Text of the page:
Wood storage

I got into the shop for a solid and blissful day this weekend to finish an organizing project. Spare wood I’ve been hoarding has been threatening to take over my small space for some time now. I finally got around to building a good solution.




  • 3 x 4″ by 4″x 8ft. ($10 each at Seattle Reuse)
  • 12 x 3/4″ diam. x 18″ precut black steel pipe ($5 each at Home Depot)
  • 6 x 3/8″ x 5″ lagbolts ($2 each)


Drill the holes for the pipes in each upright. The holes should match the diameter of the pipe and go about 3/4 of the way through each 4×4.

The tricky thing is that the outer diameter of these cheap pipes is not that consistent. I was hoping to use 3/4 holes and press-fit the pipes into the holes. Nuh-uh. The pipes were about 0.83 in diameter and were in no way going into 0.75 inch holes. I tried a 13/16″ (0.8125″) bit, and at this size the threaded ends of the pipes bit into the soft wood just enough that I could screw them in using a vise grips and get a tight fit. Now that I have a better idea of the tolerances involved, I could take a calipers to the store and come up with a solid plan for the pipe I’m buying. This time I lucked out.

Countersink holes for the two lagbolts in each upright, 1/2″ diam. by 1/4″ deep. Position the holes somewhere near the top and somewhere near the bottom.

Drill through-holes in each countersunk hole for the lagbolts, just under 3/8″ diam.

I used a bit that was 3/8″ minus 1/64″, or 23/64″.  The right hole size for the right amount of bite may depend on the softness of the wood. I drilled a couple of holes at exactly 3/8″ and though the bolts could not be pulled out of the holes, they could be rotated with a socket wrench when in all the way—not what you want.

Find the studs in the wall and bolt each upright to a stud. Then screw the pipes into the uprights, with a vise grips or pipe wrench, making sure to get each pipe at least two inches into the upright. That’s it.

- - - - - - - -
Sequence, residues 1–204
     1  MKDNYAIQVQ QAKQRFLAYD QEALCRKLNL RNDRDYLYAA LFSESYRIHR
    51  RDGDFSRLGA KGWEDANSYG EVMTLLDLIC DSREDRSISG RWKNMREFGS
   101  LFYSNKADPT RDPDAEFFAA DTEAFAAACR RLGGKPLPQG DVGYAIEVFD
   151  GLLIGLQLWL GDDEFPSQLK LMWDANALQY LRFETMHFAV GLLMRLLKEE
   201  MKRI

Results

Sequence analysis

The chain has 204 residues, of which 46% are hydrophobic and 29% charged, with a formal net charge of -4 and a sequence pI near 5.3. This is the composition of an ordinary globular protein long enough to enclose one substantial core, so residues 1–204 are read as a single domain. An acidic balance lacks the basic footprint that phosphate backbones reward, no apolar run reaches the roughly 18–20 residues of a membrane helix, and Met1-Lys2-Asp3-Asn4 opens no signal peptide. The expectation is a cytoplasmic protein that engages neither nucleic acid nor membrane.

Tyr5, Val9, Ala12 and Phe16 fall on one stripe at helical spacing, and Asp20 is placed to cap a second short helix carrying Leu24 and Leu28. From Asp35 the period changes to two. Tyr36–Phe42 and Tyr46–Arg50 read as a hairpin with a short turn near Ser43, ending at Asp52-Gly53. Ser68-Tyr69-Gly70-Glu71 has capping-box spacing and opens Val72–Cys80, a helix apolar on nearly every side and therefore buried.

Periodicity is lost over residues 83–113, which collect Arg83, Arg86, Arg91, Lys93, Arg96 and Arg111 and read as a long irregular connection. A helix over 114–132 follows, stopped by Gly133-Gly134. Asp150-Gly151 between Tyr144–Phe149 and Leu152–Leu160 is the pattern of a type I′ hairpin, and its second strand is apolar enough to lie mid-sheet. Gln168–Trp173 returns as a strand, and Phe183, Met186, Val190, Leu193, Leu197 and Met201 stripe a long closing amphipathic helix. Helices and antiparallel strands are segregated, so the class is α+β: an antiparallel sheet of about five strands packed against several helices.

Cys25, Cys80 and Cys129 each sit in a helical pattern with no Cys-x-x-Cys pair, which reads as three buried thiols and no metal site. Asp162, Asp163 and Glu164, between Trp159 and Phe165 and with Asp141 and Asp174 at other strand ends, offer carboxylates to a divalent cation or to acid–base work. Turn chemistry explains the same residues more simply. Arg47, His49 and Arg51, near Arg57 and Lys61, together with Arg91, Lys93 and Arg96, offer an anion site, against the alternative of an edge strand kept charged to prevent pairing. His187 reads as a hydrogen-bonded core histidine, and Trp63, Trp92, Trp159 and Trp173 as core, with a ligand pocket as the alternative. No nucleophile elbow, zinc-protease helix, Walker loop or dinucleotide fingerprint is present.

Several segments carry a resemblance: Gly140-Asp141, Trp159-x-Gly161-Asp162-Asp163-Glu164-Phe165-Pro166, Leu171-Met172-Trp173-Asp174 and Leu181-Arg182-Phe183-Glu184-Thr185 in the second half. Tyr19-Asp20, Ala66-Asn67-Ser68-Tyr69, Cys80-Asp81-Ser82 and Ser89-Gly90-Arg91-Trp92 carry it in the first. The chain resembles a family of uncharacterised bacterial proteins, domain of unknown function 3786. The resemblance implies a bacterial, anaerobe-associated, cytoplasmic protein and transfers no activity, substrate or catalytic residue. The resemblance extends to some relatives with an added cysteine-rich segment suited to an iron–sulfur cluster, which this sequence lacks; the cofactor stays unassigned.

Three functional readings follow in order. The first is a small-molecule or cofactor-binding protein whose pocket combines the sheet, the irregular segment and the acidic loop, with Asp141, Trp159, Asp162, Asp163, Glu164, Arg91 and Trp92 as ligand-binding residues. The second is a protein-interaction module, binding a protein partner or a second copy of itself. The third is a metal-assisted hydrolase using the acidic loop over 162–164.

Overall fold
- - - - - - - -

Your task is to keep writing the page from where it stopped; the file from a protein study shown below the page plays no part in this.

I was using reclaimed lumber for this project. If I did it again I might look for high-quality, new uprights. The reason is that each pipe is acting like a knife when the shelf is loaded up with a weight. It’s a very dull knife, but nonetheless one that’s trying to split the upright in two. With good wood this should not be possible but I could see any pre-existing cracks around the hole getting wider until the upright breaks.

So structurally it’s a little on the funky side but practically I don’t think it will ever fail given the intended use. Once I had the pipes screwed in I lifted myself up on the low ones and bounced up and down a little, and they didn’t seem to give. Good enough for me.

I left the orange plastic caps on the end of each pipe to avoid scratching my wood supply on the threads.

Getting the holes straight is important. I started each hole on my small drill press, which only has about a 2 1/2″ throw. Then I made them deeper with a hand drill.

If I had it to do over I might go just 1/64″ larger on the pipe holes, then drill through the entire upright and screw each pipe all the way through until it reaches the other side. With the 13/16″ bit, the pipes were getting very difficult to screw in any farther after about 2″ of depth.